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Recombinant Human Osteogenic Protein-1 Induces Bone Formation in a Chronically Infected, Internally Stabilized Segmental Defect in the Rat Femur
Xinqian Chen, MD1; Andrew H. Schmidt, MD2; Dean T. Tsukayama, MD2; Craig A. Bourgeault, BS1; William D. Lew, MS1
1 Orthopaedic Biomechanics Laboratory, Midwest Orthopaedic Research Foundation, 914 South 8th Street, Mail Code 860C, Minneapolis, MN 55404. E-mail address for W.D. Lew: blew@mmrf.org
2 Orthopaedic Surgery Department (A.H.S.) and Division of Infectious Diseases, Department of Medicine (D.T.T.), Hennepin County Medical Center, 701 Park Avenue, Mail Code G2 (A.H.S.) and Mail Code G5 (D.T.T.), Minneapolis, MN 55415
View Disclosures and Other Information
In support of their research for or preparation of this manuscript, one or more of the authors received grants or outside funding from the Midwest Orthopaedic Research Foundation and the Minneapolis Medical Research Foundation. In addition, one or more of the authors received payments or other benefits or a commitment or agreement to provide such benefits from a commercial entity (Stryker Biotech donated the rhOP-1 and carrier, and provided funds for performing the microcomputed tomography). No commercial entity paid or directed, or agreed to pay or direct, any benefits to any research fund, foundation, educational institution, or other charitable or nonprofit organization with which the authors are affiliated or associated.
Investigation performed at the Orthopaedic Biomechanics Laboratory, Midwest Orthopaedic Research Foundation and Minneapolis Medical Research Foundation, Minneapolis, Minnesota

The Journal of Bone and Joint Surgery, Incorporated
J Bone Joint Surg Am, 2006 Jul 01;88(7):1510-1523. doi: 10.2106/JBJS.E.01136
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Abstract

Background: Recombinant human osteogenic protein-1 (rhOP-1), combined with a collagen carrier, has been shown to induce new-bone formation in a variety of animal models. The purpose of the present investigation was to test the hypotheses that rhOP-1 would accelerate bone formation in an internally stabilized, chronically infected, critical-size defect in the rat femur and that this effect would be enhanced by the administration of systemic antibiotic.

Methods: A 6-mm segmental defect was created surgically, stabilized with a polyacetyl plate and six Kirschner wires, and contaminated with 104 colony-forming units of Staphylococcus aureus in one femur in each of 168 Sprague-Dawley rats. After two weeks, these infected defects were débrided surgically and were assigned to one of six treatment groups. The defects in the thirty animals in the first group received lyophilized collagen carrier mixed with 200 µg of rhOP-1 dissolved in buffer, the defects in the thirty animals in the second group received carrier with 20 µg of rhOP-1 in buffer, and the defects in the twenty-four control animals in the third group received carrier mixed with buffer without rhOP-1. The last three groups were treated identically to the first three groups, except that the animals also received the antibiotic ceftriaxone for twenty-eight days after débridement. The animals were killed at two, four, eight, or twelve weeks after débridement. Newly mineralized callus within the defect, and adjacent to and bridging the outside of the defect, was assessed with use of quantitative high-resolution radiography, microcomputed tomography, torsional failure testing, and histological analysis of undecalcified sections.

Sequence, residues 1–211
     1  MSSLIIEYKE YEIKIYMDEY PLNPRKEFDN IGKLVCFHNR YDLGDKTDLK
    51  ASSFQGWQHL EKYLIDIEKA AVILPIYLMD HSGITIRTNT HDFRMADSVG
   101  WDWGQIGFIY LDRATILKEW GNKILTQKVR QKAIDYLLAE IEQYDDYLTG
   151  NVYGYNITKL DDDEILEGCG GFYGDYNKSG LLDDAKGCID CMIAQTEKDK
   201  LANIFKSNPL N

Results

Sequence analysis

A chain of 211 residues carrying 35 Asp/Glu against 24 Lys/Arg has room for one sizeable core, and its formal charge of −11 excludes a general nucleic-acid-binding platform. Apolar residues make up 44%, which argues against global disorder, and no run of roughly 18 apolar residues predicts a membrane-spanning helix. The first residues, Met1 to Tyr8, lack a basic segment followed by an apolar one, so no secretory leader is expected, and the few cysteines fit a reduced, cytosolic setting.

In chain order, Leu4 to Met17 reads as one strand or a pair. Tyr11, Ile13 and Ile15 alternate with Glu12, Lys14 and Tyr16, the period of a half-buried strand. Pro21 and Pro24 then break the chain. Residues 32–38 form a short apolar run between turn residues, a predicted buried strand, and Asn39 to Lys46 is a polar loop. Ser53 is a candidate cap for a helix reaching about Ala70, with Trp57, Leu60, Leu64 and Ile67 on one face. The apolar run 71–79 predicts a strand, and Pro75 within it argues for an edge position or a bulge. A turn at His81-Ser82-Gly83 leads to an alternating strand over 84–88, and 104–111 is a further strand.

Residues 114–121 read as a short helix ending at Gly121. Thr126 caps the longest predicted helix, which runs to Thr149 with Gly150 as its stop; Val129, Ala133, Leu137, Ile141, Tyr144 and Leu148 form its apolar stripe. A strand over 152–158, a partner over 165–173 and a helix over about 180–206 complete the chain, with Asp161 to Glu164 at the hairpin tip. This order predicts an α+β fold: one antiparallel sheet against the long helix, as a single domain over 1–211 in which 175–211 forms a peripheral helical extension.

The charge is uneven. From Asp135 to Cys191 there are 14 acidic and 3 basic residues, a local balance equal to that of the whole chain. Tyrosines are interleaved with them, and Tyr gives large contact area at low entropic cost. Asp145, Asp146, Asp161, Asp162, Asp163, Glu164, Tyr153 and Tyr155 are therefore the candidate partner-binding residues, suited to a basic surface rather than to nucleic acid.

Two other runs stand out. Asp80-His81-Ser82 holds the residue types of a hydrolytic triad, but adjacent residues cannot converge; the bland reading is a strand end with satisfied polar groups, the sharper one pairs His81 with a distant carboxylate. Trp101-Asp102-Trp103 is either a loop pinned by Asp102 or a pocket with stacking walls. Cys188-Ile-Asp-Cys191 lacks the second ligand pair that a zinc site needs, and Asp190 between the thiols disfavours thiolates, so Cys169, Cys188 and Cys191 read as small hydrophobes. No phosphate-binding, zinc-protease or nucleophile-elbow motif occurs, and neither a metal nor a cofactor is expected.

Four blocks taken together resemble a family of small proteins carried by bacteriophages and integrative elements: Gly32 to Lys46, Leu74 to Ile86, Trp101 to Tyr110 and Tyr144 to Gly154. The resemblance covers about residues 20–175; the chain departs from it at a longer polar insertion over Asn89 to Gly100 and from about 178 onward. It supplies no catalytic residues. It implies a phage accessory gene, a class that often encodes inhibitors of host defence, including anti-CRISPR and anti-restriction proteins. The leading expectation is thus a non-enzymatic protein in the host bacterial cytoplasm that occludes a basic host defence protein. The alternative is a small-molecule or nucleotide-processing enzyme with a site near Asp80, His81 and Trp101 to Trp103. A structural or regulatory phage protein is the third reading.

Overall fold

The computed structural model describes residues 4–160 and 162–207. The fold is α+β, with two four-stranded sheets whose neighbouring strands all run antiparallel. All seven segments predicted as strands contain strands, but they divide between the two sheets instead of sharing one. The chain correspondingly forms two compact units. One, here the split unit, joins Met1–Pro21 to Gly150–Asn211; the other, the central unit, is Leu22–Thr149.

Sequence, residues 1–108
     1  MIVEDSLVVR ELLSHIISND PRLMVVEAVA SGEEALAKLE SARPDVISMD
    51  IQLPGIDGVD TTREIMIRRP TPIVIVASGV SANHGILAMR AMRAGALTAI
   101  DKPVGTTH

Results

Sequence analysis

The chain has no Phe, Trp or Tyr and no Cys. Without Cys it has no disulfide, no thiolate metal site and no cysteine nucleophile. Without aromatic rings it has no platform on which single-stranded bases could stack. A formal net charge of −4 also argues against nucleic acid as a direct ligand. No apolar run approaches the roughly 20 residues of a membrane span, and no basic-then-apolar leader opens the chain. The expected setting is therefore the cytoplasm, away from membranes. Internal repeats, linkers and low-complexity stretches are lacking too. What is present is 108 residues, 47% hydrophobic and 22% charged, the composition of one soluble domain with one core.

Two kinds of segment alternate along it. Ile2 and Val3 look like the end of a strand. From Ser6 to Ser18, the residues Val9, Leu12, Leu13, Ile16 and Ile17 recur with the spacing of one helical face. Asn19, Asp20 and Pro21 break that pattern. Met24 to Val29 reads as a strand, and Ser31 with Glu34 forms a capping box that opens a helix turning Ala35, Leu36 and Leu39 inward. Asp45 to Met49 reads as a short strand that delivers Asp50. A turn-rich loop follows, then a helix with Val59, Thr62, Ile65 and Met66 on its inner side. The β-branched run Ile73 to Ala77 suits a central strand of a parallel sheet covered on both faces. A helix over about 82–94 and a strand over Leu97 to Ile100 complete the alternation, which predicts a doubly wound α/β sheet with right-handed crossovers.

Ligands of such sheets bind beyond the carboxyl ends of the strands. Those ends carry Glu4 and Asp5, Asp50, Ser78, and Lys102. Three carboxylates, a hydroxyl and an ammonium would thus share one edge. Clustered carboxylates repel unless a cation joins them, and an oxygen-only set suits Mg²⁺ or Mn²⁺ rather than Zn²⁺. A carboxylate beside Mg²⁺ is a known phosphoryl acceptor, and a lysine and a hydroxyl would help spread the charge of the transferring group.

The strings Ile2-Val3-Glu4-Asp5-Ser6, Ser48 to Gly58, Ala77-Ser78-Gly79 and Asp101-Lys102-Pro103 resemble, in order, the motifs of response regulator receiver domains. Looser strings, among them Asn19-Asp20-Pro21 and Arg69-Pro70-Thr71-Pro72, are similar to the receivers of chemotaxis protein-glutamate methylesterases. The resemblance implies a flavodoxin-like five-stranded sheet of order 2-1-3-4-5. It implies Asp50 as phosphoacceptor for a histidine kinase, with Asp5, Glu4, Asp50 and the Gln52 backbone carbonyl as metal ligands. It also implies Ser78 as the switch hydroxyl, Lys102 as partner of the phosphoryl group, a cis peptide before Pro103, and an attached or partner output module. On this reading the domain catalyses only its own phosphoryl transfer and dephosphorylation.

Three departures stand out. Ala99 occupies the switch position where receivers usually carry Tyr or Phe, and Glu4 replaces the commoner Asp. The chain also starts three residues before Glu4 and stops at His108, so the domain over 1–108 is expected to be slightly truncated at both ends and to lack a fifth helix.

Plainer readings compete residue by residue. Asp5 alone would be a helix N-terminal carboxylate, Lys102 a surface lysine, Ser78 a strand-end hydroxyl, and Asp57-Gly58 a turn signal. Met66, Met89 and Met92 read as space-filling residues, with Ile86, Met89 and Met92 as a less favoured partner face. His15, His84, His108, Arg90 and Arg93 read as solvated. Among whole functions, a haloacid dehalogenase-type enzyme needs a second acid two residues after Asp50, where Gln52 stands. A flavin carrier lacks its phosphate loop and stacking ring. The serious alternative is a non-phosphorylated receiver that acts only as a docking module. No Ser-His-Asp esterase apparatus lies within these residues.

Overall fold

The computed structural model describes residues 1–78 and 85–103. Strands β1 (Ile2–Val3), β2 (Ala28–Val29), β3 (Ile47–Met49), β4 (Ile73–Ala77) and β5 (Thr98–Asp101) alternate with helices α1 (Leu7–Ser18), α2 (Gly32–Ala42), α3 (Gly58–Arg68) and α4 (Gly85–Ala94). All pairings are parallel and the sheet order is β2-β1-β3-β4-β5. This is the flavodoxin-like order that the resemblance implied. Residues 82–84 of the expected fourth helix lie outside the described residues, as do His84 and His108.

Results: Bacterial cultures confirmed the presence of a chronic infection during the study period in all animals. At the later time-points, significantly more newly mineralized callus was present within and adjacent to the débrided defects that had been treated with 200 µg of rhOP-1, whereas minimal amounts of callus were present within and adjacent to the defects that had been treated without rhOP-1 and with 20 µg of rhOP-1. At eight and twelve weeks after débridement, there was significantly more newly mineralized callus in the group that had been treated with 200 µg of rhOP-1 with antibiotic than in the group that had been treated with 200 µg of rhOP-1 without antibiotic (p < 0.05). At twelve weeks, the values for torque, energy to failure, and linear stiffness for femora that had been treated with 200 µg of rhOP-1 with antibiotic were not significantly different from the values for intact, contralateral control femora, whereas the values for femora that had been treated with 200 µg of rhOP-1 without antibiotic remained significantly lower than those for the intact, contralateral controls (p < 0.05).

Conclusions: Recombinant human osteogenic protein-1 maintained its osteoinductive capability in the presence of chronic infection, and this property was enhanced by antibiotic therapy. No substantial callus formed in the infected defects without a sufficiently high dose of rhOP-1.

Clinical Relevance: The treatment of an infection at the site of a fracture often necessitates removal of internal fixation. However, internal fixation is needed for fracture stability. This study presents an intervention that may accelerate fracture-healing in the presence of infection and colonized hardware, thereby permitting earlier removal of the hardware and more timely and effective treatment of the infection.

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    These activities have been planned and implemented in accordance with the Essential Areas and policies of the Accreditation Council for Continuing Medical Education (ACCME) through the joint sponsorship of the American Academy of Orthopaedic Surgeons and The Journal of Bone and Joint Surgery, Inc. The American Academy of Orthopaedic Surgeons is accredited by the ACCME to provide continuing medical education for physicians.
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